X-STATIC: Fairly new on the market, X-STATIC is the newest technology in keeping sweat smells at bay. It incorporates silver fibers into the material that prevents smelly bacteria from growing in your clothes during and after a workout. Popular activewear companies have incorporated these fabrics into their ultra pricey pieces to keep their customers dry and smelling amazing before and after they workout.

Many of the high-end clothing brands use these pricey fibers to create their clothing, which explains why their retail prices are so steep. Understanding the qualities of each fabric helps you make the best decision on why you may want to splurge (or save)  on certain things over others.

 

  1. Don’t Get Caught Up in the Hype

Many athletic companies would argue that you couldn’t do without their fitness gear if you want to perform at (and look like) a real athlete’s level. Though having appropriate workout apparel is crucial, beware of falling into the trap of buying items simply because they’re “new” or “cutting edge.”

Though having high-end workout pieces are nice, if you’re on a budget they’re not necessarily must-haves. Student athletes Natalie Hinds,a swimmer from Midland, Texas, and Isis Young,a basketball player from Berlin, New Jersey, have had the privilege of wearing store brand and high-end workout gear. In their eyes, the necessity of high-end apparel is debatable.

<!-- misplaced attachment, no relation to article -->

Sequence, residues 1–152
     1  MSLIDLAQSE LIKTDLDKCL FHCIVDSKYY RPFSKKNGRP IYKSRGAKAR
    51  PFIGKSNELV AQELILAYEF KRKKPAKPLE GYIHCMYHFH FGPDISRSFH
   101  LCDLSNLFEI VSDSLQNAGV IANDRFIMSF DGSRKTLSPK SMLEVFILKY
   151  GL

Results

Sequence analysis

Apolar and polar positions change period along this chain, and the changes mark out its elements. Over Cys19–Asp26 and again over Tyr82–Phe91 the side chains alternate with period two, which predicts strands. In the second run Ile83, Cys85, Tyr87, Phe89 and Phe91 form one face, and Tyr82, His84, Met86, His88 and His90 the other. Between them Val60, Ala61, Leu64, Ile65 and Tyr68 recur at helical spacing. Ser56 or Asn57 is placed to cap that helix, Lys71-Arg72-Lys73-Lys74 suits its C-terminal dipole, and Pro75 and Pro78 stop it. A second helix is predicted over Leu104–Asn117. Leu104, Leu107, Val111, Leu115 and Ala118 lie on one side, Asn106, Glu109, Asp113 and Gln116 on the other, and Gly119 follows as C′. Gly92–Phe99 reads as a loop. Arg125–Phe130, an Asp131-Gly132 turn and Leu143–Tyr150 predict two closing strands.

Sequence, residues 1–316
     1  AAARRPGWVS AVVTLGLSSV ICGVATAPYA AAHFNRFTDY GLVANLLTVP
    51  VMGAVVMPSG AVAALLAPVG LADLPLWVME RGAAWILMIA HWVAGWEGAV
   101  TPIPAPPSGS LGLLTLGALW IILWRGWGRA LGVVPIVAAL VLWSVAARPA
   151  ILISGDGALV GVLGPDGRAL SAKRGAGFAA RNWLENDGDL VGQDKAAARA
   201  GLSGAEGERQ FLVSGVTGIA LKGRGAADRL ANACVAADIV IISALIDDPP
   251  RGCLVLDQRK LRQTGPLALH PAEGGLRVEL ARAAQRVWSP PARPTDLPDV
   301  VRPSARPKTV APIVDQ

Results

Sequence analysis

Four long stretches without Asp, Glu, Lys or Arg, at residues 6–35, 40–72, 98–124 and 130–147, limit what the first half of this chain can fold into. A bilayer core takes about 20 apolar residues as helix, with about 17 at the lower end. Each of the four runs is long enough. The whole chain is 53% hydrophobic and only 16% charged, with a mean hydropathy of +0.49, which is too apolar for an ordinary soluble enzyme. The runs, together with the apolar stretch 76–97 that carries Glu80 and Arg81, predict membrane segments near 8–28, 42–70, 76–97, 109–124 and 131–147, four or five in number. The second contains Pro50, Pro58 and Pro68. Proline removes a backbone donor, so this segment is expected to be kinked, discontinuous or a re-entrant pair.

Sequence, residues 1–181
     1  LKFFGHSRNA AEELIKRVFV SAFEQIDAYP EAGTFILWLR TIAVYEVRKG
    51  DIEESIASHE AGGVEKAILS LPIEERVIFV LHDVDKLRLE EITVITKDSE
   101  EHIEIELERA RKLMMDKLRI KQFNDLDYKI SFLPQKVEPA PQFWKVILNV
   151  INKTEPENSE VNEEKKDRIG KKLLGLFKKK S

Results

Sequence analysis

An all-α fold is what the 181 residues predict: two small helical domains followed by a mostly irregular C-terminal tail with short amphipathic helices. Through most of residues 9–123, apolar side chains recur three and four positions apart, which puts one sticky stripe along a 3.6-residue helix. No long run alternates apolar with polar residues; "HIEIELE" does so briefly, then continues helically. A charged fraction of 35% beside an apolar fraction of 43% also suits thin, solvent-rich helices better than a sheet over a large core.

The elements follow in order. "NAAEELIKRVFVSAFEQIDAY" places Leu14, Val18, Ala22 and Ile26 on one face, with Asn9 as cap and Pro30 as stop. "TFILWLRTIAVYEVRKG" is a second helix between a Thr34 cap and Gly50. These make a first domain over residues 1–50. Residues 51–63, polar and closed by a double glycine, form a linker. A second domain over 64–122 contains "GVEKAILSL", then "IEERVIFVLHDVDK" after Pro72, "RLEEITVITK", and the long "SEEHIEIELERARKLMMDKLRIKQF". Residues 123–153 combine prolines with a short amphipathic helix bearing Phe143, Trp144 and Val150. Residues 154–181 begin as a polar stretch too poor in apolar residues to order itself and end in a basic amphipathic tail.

As a swimmer, Hinds has definitely seen a difference wearing high-end performance wear. When wearing a “regular” suit, she says she swims two seconds slower. But she also agrees that psychology may be involved.

“It’s worth it just because I think if you work out in “regular” clothes versus a name brand you’re going to feel better about yourself – at least I do,” she says.

Young, on the other hand, feels as if you can come to a happy medium.

“I would choose high end products on certain products, but definitely not everything. Maybe a couple of thermal shirts and shoes. That’s the only thing I would splurge on,” she says.

The key here is being honest with yourself about what you need from your workout apparel and sticking with that.

You probably need a good pair of shoes, a few trusty workout shorts or leggings, and 2 to 3 sports bras for the ladies. Anything else can be picked up on sale or taken from your closet.
Before starting a new workout regimen or diet, be sure to consult with a trusted physician, nutritionist or personal trainer.